There’s a clearing out by the garden, just beyond the shed, that’s perfect for landing a sleigh, but I didn’t maintain it very well last year, so I spent the day of Christmas Eve working on it, collecting branches, clearing brush, raking leaves, hacking down the tall grass. I chopped some wood for the stove. I wanted to wear myself out so I’d fall asleep early. I get so excited about Santa Claus’ annual visit. I don’t know how many times it has happened that I can’t sleep and he has passed me by; he isn’t fooled when you act like you’re sleeping, even if you don’t move the slightest little bit.
I’m a night person. I don’t usually get started on anything until everybody else goes to sleep, not that I’d ever know if anybody else was awake; my nearest neighbor is almost 2 miles away, and they live a quarter mile off the road. I almost never see them.
I like people. I like to see them going about their business, moving around, talking to each other. Sometimes I make a point to go to the store when I know it’s going to be crowded so I can see an extra lot of them. I think about their pretty homes and the pleasant way that they love one another, encouraging one another in their activities, making their loved ones feel that they can handle the challenges they face when they venture forth into the world. You can see their courage in the way they walk, and you can see the way they love one another in the admiring way they look at each other, even when nobody is looking.
I sometimes think I might like to move into the city, but I don’t think I’d ever fit in with the other people, the way they love each other and all, and I have obligations out here. I have to keep an eye on the monster, for instance.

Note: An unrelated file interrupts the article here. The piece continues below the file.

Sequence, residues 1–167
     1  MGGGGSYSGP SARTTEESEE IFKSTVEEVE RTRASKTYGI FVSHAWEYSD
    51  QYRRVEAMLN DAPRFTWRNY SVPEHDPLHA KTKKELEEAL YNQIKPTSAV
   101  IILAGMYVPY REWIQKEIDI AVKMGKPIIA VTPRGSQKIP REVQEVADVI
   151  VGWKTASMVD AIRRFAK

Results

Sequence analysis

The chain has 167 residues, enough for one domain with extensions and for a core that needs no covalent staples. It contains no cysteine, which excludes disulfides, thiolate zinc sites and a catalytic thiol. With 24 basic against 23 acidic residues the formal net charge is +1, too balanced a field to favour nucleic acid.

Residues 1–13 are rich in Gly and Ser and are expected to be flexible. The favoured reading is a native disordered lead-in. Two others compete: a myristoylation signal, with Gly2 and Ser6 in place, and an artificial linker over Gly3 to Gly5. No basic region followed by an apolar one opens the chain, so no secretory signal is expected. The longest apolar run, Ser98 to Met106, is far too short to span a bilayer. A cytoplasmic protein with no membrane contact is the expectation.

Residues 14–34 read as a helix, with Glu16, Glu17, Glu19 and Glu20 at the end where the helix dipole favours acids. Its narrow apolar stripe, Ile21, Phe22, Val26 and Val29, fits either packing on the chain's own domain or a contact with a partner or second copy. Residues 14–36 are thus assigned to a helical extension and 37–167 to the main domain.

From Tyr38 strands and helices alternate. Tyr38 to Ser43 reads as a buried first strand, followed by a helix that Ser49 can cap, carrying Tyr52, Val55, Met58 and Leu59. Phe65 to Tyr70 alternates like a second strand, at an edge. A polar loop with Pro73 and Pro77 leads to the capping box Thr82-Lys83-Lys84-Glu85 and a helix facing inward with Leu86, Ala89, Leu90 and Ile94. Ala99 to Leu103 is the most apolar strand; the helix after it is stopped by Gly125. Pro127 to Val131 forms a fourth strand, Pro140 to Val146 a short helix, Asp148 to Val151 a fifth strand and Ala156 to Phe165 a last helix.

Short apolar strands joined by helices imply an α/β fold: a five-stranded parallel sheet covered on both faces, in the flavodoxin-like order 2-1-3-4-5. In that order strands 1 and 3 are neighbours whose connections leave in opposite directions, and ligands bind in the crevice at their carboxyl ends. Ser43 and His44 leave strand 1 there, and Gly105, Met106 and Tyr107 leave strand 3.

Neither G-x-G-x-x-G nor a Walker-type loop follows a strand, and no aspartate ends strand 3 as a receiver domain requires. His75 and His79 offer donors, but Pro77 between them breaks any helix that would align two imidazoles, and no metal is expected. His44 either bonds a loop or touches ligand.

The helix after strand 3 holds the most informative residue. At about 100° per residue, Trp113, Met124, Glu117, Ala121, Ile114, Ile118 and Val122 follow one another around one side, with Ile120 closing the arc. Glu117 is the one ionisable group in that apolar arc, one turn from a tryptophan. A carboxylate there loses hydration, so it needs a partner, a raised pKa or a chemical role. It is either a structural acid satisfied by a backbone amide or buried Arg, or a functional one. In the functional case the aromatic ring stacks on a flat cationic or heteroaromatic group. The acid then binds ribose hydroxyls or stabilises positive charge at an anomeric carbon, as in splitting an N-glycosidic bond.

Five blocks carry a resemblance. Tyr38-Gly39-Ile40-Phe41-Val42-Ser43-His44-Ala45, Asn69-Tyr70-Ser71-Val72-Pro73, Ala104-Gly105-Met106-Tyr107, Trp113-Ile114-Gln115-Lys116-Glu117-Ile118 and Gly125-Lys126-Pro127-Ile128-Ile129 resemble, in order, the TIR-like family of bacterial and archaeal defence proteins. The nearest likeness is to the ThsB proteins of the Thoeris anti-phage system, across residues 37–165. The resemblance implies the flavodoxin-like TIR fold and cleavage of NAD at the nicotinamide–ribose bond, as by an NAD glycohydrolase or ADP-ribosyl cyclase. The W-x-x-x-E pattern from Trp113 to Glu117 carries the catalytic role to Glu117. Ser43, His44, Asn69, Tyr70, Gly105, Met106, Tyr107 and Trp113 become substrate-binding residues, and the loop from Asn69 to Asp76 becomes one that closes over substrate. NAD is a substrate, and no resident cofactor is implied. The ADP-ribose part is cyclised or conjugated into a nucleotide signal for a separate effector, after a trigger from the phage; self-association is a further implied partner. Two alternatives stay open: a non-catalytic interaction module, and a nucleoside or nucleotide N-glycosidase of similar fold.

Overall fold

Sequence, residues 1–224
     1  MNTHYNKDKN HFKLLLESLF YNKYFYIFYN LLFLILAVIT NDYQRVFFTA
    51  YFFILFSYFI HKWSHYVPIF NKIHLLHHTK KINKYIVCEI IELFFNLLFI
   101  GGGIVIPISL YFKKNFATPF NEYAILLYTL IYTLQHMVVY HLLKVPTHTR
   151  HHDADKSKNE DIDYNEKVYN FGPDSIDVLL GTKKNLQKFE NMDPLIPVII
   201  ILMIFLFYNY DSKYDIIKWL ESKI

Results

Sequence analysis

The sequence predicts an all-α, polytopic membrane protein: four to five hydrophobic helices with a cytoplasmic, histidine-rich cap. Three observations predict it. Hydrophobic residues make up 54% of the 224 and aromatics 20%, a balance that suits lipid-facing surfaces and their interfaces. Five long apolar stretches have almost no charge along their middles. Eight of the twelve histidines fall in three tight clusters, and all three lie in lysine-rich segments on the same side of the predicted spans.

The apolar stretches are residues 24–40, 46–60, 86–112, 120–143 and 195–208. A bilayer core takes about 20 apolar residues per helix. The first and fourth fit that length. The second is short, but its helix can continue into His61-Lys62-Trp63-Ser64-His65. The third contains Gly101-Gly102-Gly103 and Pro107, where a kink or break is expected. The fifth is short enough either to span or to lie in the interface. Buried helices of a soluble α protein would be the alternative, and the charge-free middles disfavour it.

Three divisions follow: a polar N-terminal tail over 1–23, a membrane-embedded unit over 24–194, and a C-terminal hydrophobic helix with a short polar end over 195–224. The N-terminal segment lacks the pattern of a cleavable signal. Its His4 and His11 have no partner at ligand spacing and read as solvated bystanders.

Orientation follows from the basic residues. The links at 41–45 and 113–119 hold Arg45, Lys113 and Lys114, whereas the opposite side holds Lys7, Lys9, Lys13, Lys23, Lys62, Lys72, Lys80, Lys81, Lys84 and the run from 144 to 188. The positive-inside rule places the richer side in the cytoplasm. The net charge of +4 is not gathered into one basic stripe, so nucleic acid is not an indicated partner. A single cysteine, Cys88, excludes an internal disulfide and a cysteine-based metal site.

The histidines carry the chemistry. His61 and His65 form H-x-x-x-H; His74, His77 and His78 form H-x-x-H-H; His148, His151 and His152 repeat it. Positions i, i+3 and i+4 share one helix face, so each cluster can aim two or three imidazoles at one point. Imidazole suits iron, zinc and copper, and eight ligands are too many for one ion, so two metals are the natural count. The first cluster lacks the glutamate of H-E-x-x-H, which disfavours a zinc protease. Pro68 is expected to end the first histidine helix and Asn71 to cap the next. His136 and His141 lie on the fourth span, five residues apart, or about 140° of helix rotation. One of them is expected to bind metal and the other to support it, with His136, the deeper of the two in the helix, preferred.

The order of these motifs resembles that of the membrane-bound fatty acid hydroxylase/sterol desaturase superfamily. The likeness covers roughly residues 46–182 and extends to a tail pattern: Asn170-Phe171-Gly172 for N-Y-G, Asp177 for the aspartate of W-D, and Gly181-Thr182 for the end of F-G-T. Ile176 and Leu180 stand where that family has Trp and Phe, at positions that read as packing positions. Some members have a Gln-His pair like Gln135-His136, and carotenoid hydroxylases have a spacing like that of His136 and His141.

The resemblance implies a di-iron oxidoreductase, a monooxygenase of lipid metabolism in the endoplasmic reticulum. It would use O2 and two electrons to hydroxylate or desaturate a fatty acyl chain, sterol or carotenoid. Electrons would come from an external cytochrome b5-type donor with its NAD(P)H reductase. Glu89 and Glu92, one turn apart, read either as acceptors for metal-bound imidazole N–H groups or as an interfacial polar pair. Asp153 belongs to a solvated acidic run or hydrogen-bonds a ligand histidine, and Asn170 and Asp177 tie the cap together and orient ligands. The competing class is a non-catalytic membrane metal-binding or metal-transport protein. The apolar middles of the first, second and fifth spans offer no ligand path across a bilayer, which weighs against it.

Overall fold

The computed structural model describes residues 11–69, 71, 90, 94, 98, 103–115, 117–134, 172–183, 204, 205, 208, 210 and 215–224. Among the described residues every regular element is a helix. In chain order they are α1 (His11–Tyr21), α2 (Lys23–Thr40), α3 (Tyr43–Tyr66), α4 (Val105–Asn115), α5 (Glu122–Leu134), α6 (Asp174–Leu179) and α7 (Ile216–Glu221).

When I was a kid, and I used to have trouble sleeping, I told my dad it was because there was a monster in my room. He told me that was no big deal and that if monsters come around, I should let them get real close and then make a funny face, cross my eyes and stick out my tongue, and that would make the monster laugh, and then the monster would be my friend. When I was a kid, I used to think my dad was crazy.
The monster came around one night shortly thereafter. I froze perfectly still while I watched him moving through my room. It barely registered a reaction when it noticed I was watching, but then it flew into a murderous rage. I was so scared! I was sure I would die that very instant, and I’m sure I was bawling even as I crossed my eyes pathetically and flopped my tongue out, the last act of my tragically short life, but my dad was right; the monster stopped short, gave me the oddest look of disbelief and exploded with laughter! It sounded more like a bullhorn magnified about a hundred times, and the blast of air from its massive lungs blew me back against the far wall.
The smell of sewage and rotting fish made me gag like I was going to throw up. I never smelled anything as nasty as that. But then, even when I was trying to get my bearings and get upright again so I wouldn’t vomit on myself, I saw out of the corner of my eye the monster cocked its head and mimicked my distress, gagging and choking and wagging its head back and forth, absolutely roaring with laughter!
Over the years, I have often wished the damned thing had just killed me when I was a kid, but it’s been an interesting life. The monster isn’t the best companion, it doesn’t help with chores, and it tends to scare away any visitors I might have, but I hate to think what it might do if I wasn’t around.
For further investigation: The open-minded theology presented in the movie “The Life of Pi” marks something of a cultural epiphany. The character’s willingness to accept the good in all theological systems and resolve them with a unique personal theology based in the psychological power of narrative could have a unifying effect on believers of all stripes.